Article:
Mayanja, advises people not to buy or settle on any land that has electricity cables lines. It is unwise, in his view, to buy land that already has service cables passing through. In the same vein, he guides that for any reason, if Umeme illegally passes service cables through someone’s land without their consent or due compensation, such a person is at liberty to seek redress from courts of law.

For home connections, Mayanja advises that due diligence should be taken to make sure that all safety precautions are followed to the letter. Applicants for electricity connection should first ensure that the wiring of the house was done professionally. This includes ensuring a proper earthing system of the house.  They must also secure a minimum safety clearance from Umeme before the connection is done. Some people recklessly dodge proper inspection of Umeme staff before connection is done. Mayanja says this is setting yourself in harm’s way.

Just like Mayanja, Kiggundu also advises people using electricity to ensure that poles that hold the service cables have the recommended height of more than 41 feet from the ground. The idea here is that the taller the pole is, the less the magnetic field it will generate.  From his expertise, Mayanja says most residential houses are normally about 14 feet long. So if the pole is 41 feet, it minimises the conduction of magnetism between the iron roof of the house and the cables.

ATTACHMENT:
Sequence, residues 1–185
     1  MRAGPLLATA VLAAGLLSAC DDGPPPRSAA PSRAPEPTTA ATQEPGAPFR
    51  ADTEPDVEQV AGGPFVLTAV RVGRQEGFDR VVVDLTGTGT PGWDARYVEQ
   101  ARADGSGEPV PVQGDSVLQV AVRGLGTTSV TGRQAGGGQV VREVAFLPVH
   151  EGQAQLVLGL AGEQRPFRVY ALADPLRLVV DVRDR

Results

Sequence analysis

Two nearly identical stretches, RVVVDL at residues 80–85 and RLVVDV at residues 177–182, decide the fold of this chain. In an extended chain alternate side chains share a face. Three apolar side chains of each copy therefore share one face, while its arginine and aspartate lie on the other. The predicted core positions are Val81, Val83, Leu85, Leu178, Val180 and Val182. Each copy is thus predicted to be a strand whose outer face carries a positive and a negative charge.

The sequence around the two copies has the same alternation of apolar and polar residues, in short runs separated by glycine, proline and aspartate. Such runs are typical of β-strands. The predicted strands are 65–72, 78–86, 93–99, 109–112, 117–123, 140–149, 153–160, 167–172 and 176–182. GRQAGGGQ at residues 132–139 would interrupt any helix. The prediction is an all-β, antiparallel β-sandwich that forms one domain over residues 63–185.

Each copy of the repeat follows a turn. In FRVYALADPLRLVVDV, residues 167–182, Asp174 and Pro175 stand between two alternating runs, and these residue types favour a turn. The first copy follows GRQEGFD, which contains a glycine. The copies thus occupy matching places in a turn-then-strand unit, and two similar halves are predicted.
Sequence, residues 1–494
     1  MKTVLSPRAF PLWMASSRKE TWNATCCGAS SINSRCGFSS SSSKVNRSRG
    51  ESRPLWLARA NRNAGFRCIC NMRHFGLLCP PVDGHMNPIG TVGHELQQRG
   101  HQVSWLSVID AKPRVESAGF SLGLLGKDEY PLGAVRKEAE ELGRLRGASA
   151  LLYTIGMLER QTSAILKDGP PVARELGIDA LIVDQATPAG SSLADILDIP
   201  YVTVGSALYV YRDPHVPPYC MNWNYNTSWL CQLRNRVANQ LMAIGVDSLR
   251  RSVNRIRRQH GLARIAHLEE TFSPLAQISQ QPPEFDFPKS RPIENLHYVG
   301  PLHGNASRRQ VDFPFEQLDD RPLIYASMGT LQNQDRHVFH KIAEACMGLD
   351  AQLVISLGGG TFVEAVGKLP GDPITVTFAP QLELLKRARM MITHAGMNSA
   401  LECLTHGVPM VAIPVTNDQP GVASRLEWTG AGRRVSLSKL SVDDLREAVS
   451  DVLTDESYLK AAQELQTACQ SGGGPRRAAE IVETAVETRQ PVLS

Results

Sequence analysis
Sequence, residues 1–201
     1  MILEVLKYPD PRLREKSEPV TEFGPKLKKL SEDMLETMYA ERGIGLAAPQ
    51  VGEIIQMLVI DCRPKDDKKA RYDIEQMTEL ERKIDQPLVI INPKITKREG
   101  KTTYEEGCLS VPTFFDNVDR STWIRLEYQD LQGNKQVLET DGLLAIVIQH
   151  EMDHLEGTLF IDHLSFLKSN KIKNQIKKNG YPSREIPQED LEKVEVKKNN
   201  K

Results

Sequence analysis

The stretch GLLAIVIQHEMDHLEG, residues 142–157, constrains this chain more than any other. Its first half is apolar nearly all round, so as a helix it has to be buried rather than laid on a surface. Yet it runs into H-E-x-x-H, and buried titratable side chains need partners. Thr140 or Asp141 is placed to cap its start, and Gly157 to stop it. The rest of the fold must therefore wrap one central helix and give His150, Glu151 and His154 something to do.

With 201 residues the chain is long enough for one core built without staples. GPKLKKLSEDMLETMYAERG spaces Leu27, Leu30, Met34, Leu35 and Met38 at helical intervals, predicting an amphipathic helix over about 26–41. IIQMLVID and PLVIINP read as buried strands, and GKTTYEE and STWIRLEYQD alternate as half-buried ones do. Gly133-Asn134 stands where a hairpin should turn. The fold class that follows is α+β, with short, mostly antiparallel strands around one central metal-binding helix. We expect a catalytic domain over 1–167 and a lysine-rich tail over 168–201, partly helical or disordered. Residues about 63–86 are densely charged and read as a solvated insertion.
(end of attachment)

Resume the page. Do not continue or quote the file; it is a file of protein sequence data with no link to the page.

The 11KV and 0.415KV service cables for home connections (locally referred to as ‘Solidos’) come insulated. But because thieves sometimes steal them, people tend to remove the insulation to avert theft. This is dangerous and Kiggundu discourages people doing so because it increases magnetism in the surrounding space of the naked cable. In instances where people are using overhead cables on their roofs, Mayanja says there is need to ensure that the cables do not rub against the roof because this is likely to peel off the insulation on the cables, causing short circuits. 

Avoid stealing power

Because of the higher cost of power, many Umeme clients steal power by inserting wires in the fuse of the main switch. For safety reasons, Kiggundu advises people to refrain from this dangerous vice because it results in most of the short circuits in homes. He recommends that for any problems concerning connections and short circuits, clients should seek professional help and avoid fixing problems on their own. 

Umeme should sensitise people

Hassan Ssebadduka, an engineer and a resident of Kamwokya, tasks Umeme or UEDCL to always sensitise people about safe usage of electricity and power saving techniques. He notes that many consumers are unaware of the health dangers caused by electromagnetism, because the effects are gradual. He thinks if there is regular sensitisation, people will be more careful about exposing themselves to magnetic fields. This way, he thinks that both financial and health problems come with electricity distribution will be minimised. He likens Umeme to traffic police that awaits to arrest offenders on roads instead sensitising them on proper usage and connections. Electricity drives almost all we do in life. It makes working and living simple but is detrimental to human life. Use it with care and live or work under service cables at your peril.